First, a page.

In one of those life-is-unfair predicaments, some disabled Omahans feel left out — stuck in their homes while other handicapped residents can travel freely through the city at low cost, courtesy of a taxpayer-supported van service.
Thanks to the MOBY service, many disabled Omahans can make doctor appointments, go shopping, participate in other activities and generally lead mobile lives across town.
However, MOBY, which is part of Omaha's Metro transit bus system, serves only the disabled who live within its route boundaries or within three-quarters of a mile of those boundaries.
Metro was formerly known as Metro Area Transit.
Catherine Fangman, 43, who doesn't work outside her home, lives in the Hillsborough neighborhood in northwest Omaha.
She's been hoping for years to catch a ride with MOBY. Her home northeast of 144th Street and West Maple Road is well outside the nearest Metro boundary, which is along 120th Street and between West Maple Road and Blondo Street.
“I've been trying to get a ride for 20 years,'' said Fangman, who suffers from multiple sclerosis and uses a walker.
“Their response is always 'We don't go out that far,''' said Fangman, who is married and has a 19-year-old son attending the University of Nebraska at Omaha.
Federal funding guidelines and the Americans With Disabilities Act confine MOBY to the boundaries of Metro's fixed bus routes. That includes the three-quarter of a mile exception, which is about eight blocks, said Kelly Shadden, director of Metro operations.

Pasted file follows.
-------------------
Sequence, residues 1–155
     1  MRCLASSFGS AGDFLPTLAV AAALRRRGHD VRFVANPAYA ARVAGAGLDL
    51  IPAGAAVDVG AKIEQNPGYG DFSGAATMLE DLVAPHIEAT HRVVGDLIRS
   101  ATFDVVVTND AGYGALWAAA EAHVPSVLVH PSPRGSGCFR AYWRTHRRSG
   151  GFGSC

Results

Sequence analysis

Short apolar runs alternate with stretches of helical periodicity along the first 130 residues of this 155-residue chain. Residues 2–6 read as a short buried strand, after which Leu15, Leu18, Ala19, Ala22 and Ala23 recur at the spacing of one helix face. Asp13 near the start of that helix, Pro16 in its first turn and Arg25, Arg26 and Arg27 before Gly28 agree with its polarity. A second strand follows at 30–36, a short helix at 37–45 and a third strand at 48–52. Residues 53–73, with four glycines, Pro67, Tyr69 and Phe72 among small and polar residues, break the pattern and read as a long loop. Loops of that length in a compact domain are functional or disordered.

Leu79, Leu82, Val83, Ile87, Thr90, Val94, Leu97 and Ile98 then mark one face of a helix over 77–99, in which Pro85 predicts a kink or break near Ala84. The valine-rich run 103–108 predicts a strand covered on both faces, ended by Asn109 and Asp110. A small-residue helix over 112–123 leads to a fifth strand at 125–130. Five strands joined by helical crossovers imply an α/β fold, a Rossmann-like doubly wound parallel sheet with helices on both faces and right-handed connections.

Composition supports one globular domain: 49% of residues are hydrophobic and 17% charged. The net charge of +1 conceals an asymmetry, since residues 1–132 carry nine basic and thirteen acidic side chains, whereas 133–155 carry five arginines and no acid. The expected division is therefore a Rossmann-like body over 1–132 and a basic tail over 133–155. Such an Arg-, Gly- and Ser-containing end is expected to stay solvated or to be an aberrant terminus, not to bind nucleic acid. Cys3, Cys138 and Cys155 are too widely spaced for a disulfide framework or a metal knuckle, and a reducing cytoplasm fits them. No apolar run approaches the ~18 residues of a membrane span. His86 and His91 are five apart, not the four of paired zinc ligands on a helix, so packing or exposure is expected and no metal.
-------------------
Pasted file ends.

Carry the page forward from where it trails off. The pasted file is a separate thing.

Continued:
Shadden said he is sympathetic to Fangman's situation. MOBY averages about one request a month for a ride beyond its boundaries, he said, and has extended service elsewhere in town after review, such as to the 170th Street and West Center Road area.
Metro officials have considered a route along West Maple Road well past 120th Street to accommodate the disabled in northwest Omaha, Shadden said, and will continue to study the issue.
West Maple Road, he said, is not “transit-handy,'' which means it has no sidewalks to handle passengers boarding and exiting Metro vehicles. Also, Shadden said, some of the access roads to areas such as the strip malls along West Maple Road couldn't handle Metro's big buses.
“Our buses would tear up those asphalt roads,'' he said.
To receive MOBY service, Shadden said, a rider must pass a qualification process demonstrating that a disability prevents the rider from boarding a full-size Metro transit bus.
A MOBY ride is $2.50 per trip, double the regular adult transit fare, he said, so extending beyond the Metro boundaries is not financially feasible when factoring in fuel costs.
None of the MOBY guidelines appease Fangman, who moved into Hillsborough 20 years ago.
“Maybe I'd like to go to a bookstore and hang out there once in a while,'' she said of being independent and not burdening her son and husband for rides.
“They've got their own lives,'' she said. “My husband works and my son loves going to UNO.''
“But I'd love to be able to go to Starbucks,'' Fangman added, “and spend time with some friends.''
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